Structural Racism is the concept that explains how structural inequalities premised on race are created and maintained over time. Much of AAPF's structural racism work aims to offer better articulations of the historical and cultural origins of structural racism in the Untied States in addition to identifying key ways to combat structural racism. Learn More.
Intersectionality is a concept that enables us to recognize the fact that perceived group membership can make people vulnerable to various forms of bias, yet because we are simultaneously members of many groups, our complex identities can shape the specific way we each experience that bias. Much of AAPF's intersectional work focusses on the unique vulnerabilities that women of color experience in the United States. Learn More.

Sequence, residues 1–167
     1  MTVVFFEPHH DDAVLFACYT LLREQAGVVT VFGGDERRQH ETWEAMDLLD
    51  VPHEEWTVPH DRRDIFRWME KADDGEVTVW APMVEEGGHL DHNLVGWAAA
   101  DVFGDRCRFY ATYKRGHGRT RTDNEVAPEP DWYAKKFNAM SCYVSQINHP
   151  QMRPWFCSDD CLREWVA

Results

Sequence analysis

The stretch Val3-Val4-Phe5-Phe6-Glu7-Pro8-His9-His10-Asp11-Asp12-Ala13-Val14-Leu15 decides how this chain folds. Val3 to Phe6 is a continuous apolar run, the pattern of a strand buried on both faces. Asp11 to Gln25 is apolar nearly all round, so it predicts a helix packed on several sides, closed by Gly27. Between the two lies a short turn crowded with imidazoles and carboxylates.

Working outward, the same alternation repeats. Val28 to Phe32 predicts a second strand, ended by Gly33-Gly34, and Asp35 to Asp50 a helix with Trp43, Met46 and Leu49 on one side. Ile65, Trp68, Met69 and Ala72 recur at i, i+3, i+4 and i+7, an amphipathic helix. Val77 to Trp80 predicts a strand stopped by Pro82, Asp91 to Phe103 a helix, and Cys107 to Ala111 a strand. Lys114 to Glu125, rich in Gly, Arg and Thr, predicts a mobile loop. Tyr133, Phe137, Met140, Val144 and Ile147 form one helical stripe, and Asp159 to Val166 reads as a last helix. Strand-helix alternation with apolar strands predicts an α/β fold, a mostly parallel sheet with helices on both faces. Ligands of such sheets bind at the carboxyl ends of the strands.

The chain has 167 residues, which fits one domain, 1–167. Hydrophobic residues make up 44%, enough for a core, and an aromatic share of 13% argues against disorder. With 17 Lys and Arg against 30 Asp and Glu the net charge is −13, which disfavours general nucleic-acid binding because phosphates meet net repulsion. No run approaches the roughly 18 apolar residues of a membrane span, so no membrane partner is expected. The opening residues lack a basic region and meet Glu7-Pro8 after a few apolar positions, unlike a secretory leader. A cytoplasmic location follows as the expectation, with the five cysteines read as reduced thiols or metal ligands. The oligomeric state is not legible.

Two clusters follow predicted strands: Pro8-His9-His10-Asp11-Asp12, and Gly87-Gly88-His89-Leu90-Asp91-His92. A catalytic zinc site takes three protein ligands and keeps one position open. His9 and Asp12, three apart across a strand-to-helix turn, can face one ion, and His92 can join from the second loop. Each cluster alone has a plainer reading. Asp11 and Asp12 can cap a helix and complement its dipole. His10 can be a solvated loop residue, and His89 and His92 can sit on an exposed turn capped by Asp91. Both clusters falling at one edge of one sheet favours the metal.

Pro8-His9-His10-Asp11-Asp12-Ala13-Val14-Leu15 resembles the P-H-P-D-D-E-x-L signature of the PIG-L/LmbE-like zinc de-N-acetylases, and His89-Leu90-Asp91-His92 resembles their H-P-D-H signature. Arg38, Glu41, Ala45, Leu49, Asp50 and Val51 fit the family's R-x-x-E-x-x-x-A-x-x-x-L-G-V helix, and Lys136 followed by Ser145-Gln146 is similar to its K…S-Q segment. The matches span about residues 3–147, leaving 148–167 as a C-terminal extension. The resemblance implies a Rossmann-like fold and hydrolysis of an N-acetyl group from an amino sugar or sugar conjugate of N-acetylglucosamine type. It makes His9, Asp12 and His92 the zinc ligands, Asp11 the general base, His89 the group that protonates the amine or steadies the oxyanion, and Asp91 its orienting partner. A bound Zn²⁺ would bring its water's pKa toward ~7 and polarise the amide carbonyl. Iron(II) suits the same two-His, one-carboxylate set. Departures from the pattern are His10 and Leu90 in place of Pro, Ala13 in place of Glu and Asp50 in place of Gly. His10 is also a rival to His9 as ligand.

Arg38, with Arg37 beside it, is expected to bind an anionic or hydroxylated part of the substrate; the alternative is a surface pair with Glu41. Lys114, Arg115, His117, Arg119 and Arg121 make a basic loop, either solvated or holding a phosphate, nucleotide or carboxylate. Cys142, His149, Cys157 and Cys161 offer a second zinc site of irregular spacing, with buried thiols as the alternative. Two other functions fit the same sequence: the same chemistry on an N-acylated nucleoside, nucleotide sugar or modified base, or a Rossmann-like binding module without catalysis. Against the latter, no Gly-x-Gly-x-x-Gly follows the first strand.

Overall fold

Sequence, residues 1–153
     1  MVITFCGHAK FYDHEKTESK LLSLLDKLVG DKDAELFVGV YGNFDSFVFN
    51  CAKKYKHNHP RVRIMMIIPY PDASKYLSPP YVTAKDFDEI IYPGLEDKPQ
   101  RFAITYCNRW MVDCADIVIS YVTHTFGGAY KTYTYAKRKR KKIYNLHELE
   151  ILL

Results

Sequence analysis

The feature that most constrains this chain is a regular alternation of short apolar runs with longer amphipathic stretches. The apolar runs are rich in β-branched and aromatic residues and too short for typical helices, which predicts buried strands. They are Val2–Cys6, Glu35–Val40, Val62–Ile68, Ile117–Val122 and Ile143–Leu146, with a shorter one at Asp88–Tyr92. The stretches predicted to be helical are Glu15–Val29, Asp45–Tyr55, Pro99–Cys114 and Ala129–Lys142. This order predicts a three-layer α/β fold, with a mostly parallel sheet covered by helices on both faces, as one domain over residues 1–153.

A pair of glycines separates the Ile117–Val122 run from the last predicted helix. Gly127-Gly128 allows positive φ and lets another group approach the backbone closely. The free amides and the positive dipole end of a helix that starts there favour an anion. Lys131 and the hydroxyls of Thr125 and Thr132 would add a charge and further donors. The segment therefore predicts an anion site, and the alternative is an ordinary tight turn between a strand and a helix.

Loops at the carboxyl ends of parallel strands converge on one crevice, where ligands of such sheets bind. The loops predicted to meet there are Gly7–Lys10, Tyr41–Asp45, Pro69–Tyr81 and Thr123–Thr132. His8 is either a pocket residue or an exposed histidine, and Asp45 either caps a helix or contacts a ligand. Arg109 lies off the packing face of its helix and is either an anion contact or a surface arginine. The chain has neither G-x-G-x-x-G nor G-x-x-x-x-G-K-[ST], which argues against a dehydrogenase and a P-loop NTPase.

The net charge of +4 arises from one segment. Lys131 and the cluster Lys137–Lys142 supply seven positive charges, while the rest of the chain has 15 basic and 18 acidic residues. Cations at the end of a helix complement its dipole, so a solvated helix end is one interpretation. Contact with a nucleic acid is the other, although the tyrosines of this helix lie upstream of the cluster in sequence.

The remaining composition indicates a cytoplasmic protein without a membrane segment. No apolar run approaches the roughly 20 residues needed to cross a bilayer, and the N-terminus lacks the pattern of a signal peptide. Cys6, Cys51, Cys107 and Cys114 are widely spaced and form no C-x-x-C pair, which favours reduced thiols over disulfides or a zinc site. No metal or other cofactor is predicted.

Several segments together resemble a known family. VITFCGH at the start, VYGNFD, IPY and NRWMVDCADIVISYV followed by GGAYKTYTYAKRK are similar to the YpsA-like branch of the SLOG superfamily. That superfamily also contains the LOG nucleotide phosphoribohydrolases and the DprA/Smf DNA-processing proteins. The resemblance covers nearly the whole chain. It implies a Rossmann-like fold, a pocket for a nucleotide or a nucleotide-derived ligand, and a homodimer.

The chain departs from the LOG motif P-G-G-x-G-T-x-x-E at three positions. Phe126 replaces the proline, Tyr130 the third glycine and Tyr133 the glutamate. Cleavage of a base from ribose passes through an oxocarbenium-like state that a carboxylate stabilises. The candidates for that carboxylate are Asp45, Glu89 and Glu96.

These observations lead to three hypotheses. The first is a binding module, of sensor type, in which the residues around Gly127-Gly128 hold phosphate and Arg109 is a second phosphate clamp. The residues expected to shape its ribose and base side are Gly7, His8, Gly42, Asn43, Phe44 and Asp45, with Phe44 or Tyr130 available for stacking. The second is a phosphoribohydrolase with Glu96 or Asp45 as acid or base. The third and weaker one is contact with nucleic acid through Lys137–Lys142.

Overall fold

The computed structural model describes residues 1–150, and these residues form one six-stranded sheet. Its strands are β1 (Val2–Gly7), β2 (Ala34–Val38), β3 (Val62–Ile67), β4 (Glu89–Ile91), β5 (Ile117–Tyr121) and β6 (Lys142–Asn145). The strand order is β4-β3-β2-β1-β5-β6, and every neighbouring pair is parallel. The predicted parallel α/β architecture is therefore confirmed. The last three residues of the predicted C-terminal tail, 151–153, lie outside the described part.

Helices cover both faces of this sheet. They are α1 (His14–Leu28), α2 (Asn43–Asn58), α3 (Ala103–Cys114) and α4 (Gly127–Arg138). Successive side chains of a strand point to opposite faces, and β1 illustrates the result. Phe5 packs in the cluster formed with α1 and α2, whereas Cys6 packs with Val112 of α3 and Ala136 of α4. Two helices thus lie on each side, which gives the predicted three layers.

Affirmative Action policies and programs are a kind of institutional response to structural inequalities. They work by opening up pathways to opportunity by taking a particular characteristic—such as race, gender, sexual orientation, or disability—into account in decisions regarding admission into a college or university or hiring decisions. Much of AAPF's affirmative action work aims to frame affirmative action as a inequity correcting - rather than preference giving - structural intervention. Learn More.